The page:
2 July 1779: The Irish Brigade in the service of France landed on the Caribbean island of Grenada on this day. They were part of an expeditionary force of some 2,300 men tasked with seizing the island from the British garrison based there. France and Britain were at War over the status of the United States, with the French backing the attempts of the Americans to secure their Independence from Britain.
Colonel Arthur Dillon led the Irish soldiers and the overall command of the Expedition rested with Admiral Compte d’Estaing. As it so happened another Irishman, Lord McCartney, was in charge of the British troops on the island. He had only a small force of about 500 men to resist these invaders and decided to withdraw to the heights of the position known as the Morne de l'Hopital and try to hold out there. Though outnumbered his position was strong and with luck he might have repulsed the assault until help arrived. Besides the steep incline, there were several walls on the hillside placed to impede the progress of any attacker. Dillon was sent ahead with a small force to ascertain whether an assault was possible and concluded that it was.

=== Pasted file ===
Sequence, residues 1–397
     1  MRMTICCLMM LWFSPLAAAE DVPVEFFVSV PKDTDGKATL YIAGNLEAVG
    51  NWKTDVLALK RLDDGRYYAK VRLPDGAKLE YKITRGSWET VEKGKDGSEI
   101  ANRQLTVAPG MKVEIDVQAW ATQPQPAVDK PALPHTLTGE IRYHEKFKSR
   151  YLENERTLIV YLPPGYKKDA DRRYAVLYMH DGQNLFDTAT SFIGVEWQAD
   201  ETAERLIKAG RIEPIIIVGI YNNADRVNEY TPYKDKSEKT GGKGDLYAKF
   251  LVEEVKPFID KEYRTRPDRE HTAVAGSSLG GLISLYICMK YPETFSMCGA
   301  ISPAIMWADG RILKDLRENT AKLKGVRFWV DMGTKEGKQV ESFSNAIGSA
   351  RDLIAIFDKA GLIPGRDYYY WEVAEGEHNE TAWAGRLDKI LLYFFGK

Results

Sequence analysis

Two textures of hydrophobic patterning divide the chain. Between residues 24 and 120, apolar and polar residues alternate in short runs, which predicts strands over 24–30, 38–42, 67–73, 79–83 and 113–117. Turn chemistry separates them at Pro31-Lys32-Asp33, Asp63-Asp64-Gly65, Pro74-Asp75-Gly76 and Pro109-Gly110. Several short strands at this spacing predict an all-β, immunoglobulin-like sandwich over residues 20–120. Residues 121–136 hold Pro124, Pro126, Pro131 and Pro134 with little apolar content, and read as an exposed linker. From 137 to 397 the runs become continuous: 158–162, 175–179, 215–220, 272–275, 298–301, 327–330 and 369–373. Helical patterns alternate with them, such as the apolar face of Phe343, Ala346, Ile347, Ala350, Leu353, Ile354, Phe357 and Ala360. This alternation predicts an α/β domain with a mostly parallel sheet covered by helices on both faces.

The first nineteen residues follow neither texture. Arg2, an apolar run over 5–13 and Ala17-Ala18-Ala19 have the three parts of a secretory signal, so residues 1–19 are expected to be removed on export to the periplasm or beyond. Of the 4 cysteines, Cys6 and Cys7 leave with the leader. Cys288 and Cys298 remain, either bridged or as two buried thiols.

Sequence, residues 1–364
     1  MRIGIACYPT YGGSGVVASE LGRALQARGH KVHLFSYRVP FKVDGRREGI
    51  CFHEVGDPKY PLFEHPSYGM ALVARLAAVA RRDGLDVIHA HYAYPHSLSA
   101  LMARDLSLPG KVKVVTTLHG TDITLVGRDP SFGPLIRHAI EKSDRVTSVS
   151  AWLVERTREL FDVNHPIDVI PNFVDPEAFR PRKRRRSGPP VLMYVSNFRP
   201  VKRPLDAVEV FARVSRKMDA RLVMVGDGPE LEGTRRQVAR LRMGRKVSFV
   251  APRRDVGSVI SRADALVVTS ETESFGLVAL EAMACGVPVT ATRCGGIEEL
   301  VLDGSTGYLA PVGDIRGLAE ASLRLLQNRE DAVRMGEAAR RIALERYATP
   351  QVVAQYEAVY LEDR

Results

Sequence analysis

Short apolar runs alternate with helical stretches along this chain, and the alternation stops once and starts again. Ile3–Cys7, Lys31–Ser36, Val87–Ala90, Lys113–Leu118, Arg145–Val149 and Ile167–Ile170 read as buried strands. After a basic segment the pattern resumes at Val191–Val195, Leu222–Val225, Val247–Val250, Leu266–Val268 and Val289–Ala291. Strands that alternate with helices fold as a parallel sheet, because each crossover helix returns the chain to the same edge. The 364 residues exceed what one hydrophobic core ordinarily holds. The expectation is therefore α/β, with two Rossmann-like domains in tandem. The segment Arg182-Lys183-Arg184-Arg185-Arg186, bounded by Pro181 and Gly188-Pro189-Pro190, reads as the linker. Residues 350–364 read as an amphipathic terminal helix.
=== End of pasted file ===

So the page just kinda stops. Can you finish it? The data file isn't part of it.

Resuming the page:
As dusk fell on the 3rd the French launched a daring three-pronged assault with the Irish Brigade on the centre left. As a mark of honour they were accompanied by d’Estaing himself. Despite the obstacles in their way, the French and Irish troops fought their way up the slope and had taken the position by morning, forcing McCartney’s surrender. Several officers of Dillon's regiment were among the 100 casualties sustained by the attackers. Both the British and the French coveted this strategic Caribbean island and within days a British Relief Expedition arrived off its shores to engage the French Navy. They were beaten off and the island remained in French hands until 1783 when it was handed back to Britain on the conclusion of hostilities.